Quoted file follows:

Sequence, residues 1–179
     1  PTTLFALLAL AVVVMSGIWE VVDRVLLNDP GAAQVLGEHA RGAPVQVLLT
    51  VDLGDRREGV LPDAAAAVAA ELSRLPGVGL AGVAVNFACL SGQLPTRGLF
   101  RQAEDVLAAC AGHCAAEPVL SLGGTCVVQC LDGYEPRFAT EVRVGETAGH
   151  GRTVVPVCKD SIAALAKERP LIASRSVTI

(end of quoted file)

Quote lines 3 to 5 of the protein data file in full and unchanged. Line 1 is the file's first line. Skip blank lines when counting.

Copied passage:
    51  VDLGDRREGV LPDAAAAVAA ELSRLPGVGL AGVAVNFACL SGQLPTRGLF
   101  RQAEDVLAAC AGHCAAEPVL SLGGTCVVQC LDGYEPRFAT EVRVGETAGH
   151  GRTVVPVCKD SIAALAKERP LIASRSVTI